Mimes and Mummers Blows the Whole House Down with Into the Woods

The Fairy Tale Inspired Musical was Enchanting

By Katelyn Cody

Copy Editor

The Mimes and Mummers put on a production of Into the Woods as their spring musical the weekend of February 21st-23rd in the Collins Auditorium. The musical, written by James Lapine with music by Stephen Sondheim, originally premiered on Broadway in 1987 and follows the story of peasant baker and his wife as they embark on the quest to reverse a curse from witch in order to have the child they have both longed for. The show may seem familiar to many viewers, as it retells many of the beloved fairy tales we were told as children. Fairy tales such as Little Red Riding Hood, Cinderella, Jack and the Beanstalk, and Rapunzel are all twisted into one story. The Baker and his wife are sent into the wood to retrieve several items in order to the witch to reverse the curse on their family. The items that the couple have to find are directly from each of the fairy tales referenced in the show, including  a cow white as milk (Jack and the Beanstalk), a cape as red as blood (Little Red Riding Hood), a slipper as pure as gold (Cinderella), and hair as yellow as corn (Rapunzel). After successfully retrieving each of the items and finally having a child, the baker and his wife are not free from trouble as Act II finds the main characters facing a giant on the loose.

I thought the Mimes and Mummers production of the show was great, but first I would like to commend those who worked backstage for the show, since stage crew never gets the credit they deserve. I thought the set of the show was phenomenal and was astounded by the crew’s ability to create a multi-story set. I thought the use of the platforms was really great to vary the height. I loved Rapunzel’s tower and am sure that a tower that high that could still support the weight of several people on it was no small feat to accomplish.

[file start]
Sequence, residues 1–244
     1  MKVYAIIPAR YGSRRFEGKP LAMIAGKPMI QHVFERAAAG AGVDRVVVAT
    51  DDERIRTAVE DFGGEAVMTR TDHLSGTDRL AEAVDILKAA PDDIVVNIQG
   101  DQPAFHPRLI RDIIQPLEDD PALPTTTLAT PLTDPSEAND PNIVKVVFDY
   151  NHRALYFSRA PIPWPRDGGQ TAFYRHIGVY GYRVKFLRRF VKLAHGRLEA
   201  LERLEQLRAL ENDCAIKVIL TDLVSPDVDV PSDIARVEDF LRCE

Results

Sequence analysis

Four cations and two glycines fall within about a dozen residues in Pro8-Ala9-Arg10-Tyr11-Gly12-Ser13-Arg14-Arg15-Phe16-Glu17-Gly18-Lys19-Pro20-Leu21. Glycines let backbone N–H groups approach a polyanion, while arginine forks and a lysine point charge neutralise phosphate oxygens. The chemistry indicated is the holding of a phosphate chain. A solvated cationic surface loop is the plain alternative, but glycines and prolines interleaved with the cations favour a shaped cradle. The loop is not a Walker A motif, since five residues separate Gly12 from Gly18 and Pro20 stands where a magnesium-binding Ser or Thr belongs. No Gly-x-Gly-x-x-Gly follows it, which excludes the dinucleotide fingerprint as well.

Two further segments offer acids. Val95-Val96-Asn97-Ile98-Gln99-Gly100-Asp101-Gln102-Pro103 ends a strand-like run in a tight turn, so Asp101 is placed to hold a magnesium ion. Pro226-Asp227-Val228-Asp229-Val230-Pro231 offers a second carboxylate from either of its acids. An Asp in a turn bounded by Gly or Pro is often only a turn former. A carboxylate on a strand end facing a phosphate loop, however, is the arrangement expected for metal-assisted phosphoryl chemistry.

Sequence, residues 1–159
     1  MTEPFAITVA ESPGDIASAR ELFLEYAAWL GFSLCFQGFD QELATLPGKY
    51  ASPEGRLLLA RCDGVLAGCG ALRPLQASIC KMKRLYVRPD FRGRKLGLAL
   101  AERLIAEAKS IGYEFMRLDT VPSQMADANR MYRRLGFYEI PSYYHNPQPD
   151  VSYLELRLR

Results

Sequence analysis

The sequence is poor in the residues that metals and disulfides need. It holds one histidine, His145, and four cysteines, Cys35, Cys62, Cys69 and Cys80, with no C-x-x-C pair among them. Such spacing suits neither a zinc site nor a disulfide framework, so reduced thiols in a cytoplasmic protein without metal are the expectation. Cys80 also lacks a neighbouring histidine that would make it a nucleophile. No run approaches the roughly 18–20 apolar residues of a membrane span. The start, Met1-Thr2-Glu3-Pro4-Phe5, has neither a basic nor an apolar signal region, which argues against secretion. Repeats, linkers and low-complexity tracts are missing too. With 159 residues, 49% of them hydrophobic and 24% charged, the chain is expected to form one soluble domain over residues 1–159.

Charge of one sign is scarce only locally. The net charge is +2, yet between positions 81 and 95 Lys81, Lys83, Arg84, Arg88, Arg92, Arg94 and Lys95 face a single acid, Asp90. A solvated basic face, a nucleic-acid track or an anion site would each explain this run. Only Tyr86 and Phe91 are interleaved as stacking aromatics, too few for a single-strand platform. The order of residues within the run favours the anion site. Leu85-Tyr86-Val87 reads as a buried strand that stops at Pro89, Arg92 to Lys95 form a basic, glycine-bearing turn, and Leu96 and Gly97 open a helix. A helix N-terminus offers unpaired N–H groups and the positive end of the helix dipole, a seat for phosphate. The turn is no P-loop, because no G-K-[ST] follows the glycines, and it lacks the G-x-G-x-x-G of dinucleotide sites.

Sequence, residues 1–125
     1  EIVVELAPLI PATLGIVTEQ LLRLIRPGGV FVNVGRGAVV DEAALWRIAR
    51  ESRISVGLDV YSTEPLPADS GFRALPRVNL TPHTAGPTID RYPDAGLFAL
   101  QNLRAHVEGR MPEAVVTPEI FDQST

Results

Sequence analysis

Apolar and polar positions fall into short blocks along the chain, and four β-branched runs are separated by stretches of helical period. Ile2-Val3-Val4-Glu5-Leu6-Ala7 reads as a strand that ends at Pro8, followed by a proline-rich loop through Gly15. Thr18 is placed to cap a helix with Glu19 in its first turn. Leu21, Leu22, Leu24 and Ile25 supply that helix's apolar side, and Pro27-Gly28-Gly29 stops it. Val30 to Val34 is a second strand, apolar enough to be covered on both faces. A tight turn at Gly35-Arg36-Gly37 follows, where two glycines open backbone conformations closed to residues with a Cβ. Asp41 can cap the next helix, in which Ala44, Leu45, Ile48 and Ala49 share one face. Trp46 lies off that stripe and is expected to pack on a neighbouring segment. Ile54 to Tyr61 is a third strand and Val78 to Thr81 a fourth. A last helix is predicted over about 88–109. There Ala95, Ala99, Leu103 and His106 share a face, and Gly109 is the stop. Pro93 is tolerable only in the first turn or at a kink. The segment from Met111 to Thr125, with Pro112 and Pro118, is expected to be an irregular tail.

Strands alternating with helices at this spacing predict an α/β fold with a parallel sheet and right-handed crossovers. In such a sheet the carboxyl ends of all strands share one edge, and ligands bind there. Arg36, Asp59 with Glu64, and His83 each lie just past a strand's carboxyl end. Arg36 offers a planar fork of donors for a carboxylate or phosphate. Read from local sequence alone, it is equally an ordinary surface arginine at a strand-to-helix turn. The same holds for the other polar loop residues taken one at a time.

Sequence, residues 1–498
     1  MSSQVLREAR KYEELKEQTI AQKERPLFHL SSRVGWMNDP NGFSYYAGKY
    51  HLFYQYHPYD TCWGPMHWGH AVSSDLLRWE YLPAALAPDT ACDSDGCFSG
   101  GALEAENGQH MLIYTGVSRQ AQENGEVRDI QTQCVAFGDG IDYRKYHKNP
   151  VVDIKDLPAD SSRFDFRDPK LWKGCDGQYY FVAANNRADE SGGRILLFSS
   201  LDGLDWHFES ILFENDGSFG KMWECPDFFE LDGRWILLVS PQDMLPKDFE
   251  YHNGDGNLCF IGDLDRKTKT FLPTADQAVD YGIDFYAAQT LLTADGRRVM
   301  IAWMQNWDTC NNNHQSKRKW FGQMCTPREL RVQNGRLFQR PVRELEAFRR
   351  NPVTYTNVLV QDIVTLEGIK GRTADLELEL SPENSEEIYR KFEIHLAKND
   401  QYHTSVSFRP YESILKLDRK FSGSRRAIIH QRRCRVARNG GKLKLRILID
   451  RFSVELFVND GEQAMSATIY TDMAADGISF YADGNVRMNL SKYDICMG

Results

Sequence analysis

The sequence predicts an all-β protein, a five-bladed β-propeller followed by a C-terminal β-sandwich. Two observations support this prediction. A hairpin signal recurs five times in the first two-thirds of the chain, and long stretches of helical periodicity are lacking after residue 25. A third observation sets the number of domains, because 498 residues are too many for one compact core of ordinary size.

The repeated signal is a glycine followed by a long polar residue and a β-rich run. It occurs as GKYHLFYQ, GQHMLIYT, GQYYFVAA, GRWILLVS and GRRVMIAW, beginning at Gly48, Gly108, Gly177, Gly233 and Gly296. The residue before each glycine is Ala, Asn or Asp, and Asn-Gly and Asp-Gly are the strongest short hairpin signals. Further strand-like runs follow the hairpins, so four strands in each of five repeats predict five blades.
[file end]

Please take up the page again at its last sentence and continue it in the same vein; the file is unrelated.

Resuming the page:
The costume design was also superb and one thing that stood out to me was the fact that the Baker’s Wife wore an outfit that included pants and combat boots. In most cases, a show that is based on fairy tales would hark back to tradition and have all of the females wear long dresses. But I liked this diversion from the norm, I think that the less traditional costuming choice demonstrated the Baker’s Wife’s independence throughout the show.

And of course, the acting was wonderful. Catherine Rabus as the Witch absolutely blew me away and I started to question why she’s not currently on Broadway. Other notably great performances include Magee Snyder as the Baker’s Wife and Lily Ochs as the Narrator. One of my favorite parts of the show was when the Narrator would come out with a flock of fake birds to simulate Cinderella talking to her animal companions. I don’t know if anyone else thought it was funny, by the Narrator speaking for the birds using only the word “cheep” was hilarious to me. Another person I really enjoyed watching was Allyson Lambie as Little Red. Little Red is my favorite character in the show and I thought she played the part particularly well. I loved her rendition of “I Know Things Now.”

While I really did enjoy the show, there was one aspect that I thought took away from it. The sound system made it very difficult to hear the actors when they were signing, as the pit orchestra was louder than the volume of the mics. However, I understand that Collins is an old building with old equipment and it is crazy expensive to replace sound equipment. Maybe that just goes to show that the arts should receiving more funding…

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